“Our major challenge  is the food and water for our cattle. There is not  enough grass and water to graze our cattle in most of the boundary communities. Many of the migrating  herders are not used to these  kind of conditions. I don’t think  the destruction of farmlands is deliberate. We are trying our best not  to destroy the crops of  farmers. Many herders swarm  into farms on account  of the present situation. There is no grass for the cattle not  to talk of food for our children, a good number are confused conditions.” Musa said.

The Commander of the Vigilante Group of Nigeria (VGN) Awe branch, Salihu Idris Ashafa, attributed the many incidents of destruction of farmlands to lack of  security personnel in the villages and other boundary settlements along the river Benue,  “Government needs to support the vigilantes with logistics support, like mobility to effectively patrols the area and stipend to motives the members.”

Ashafa said, “You have gone and seen  the terrain yourself, the migrating  herders find a free environment to plunge  into  the farmlands of helpless farmers. We have few spirited individuals who voluntarily sacrifice  their lives and motorcycles to patrol or intervene in security challenges in the area. There is no support from any quarter  to the vigilantes. If there are enough vigilantes and logistics support, the destruction could not have taken place, or damages could not be much.”

Another farmer who migrated from Akoro in Benue state Sale Umaru, now in Fantaki area of Awe LGA, said that most of the destruction of farmlands were caused  by the attitude of the farmers who blocked major cattle routes in the area.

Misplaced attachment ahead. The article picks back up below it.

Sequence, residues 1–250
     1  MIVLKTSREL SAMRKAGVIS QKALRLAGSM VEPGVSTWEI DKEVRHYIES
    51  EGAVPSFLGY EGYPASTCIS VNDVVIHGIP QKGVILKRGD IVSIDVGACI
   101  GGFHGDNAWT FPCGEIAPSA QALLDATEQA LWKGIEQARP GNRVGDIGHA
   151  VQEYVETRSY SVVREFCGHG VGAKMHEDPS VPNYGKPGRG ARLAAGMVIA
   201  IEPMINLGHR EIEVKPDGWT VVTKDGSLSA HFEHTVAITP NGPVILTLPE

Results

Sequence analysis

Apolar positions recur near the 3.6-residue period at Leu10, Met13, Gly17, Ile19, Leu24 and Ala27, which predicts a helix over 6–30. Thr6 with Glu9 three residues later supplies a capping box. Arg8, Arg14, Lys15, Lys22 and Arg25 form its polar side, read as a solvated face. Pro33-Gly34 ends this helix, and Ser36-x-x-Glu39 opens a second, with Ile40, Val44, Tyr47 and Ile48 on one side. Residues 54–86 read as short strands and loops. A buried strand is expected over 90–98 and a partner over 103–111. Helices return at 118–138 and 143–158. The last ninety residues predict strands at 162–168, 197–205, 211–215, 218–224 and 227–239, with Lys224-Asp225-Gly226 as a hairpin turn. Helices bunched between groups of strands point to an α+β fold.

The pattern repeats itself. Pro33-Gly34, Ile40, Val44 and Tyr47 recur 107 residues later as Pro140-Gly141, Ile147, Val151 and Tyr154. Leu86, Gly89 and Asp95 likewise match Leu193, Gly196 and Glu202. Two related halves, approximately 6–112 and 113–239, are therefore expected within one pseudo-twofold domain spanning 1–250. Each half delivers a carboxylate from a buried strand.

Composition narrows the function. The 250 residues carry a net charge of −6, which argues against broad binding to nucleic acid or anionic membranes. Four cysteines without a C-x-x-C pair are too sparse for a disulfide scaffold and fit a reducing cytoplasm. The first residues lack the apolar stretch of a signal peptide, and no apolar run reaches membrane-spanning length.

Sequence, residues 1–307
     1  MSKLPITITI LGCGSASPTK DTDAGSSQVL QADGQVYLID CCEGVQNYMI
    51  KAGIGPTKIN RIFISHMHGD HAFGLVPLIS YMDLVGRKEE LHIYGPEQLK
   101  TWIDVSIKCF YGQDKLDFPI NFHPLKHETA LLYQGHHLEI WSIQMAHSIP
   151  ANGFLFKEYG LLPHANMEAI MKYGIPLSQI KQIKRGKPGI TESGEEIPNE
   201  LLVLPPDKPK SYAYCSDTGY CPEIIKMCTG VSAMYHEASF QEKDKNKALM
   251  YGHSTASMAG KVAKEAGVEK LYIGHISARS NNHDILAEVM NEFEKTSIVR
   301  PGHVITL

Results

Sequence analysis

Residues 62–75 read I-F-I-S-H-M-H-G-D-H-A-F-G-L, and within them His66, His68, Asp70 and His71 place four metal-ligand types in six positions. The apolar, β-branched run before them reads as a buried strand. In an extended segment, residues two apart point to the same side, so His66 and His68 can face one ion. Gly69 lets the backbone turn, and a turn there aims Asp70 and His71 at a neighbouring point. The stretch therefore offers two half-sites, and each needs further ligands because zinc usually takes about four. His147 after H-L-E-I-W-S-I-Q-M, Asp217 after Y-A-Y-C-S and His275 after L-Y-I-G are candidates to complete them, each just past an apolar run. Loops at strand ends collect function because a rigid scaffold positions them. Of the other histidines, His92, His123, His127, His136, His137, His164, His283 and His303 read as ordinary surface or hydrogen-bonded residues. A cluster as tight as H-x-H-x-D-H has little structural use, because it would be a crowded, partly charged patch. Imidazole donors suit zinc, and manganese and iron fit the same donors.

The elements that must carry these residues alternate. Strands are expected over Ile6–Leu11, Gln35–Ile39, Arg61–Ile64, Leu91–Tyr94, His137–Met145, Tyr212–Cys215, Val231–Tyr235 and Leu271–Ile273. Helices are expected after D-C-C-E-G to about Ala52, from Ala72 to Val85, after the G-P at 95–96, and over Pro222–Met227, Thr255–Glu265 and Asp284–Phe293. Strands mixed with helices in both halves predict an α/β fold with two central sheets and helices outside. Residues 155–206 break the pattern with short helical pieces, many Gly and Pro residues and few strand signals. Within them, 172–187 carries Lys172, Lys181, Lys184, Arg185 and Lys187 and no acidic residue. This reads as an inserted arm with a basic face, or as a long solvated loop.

Umaru said, “When we cross the river Benue into Nasarawa State there was an existing cattle route for over 100 years that the farmers blocked and cultivated their crops along  those cattle routes. The number of cattle that cross  cannot wait for anyone to clear their route. In some areas even access road that human beings  use is also blocked, coupled with the absence of enough grasses in the area. Go round into the whole of these areas you will observe farmlands crossing the cattle route, so many cases of destruction of farmlands are  as  a result of the blockage of cattle routes.”

When contacted over the absence of security men in the boundary communities, Nasarawa State Police Public Relation Officer, Idrisu Kennedy, said that the command has  a mobile police team which patrols the surrounding villages, but argued that it doesn’t have stationed police formations within the settlements.

Kennedy added that following the influx of the migrating  Fulani herders, the state commissioner deployed more to the areas, and they are working with the joint security task force, which include the traditional rulers, vigilantes and other security agents to ensure the maintenance of law and order in the affected areas.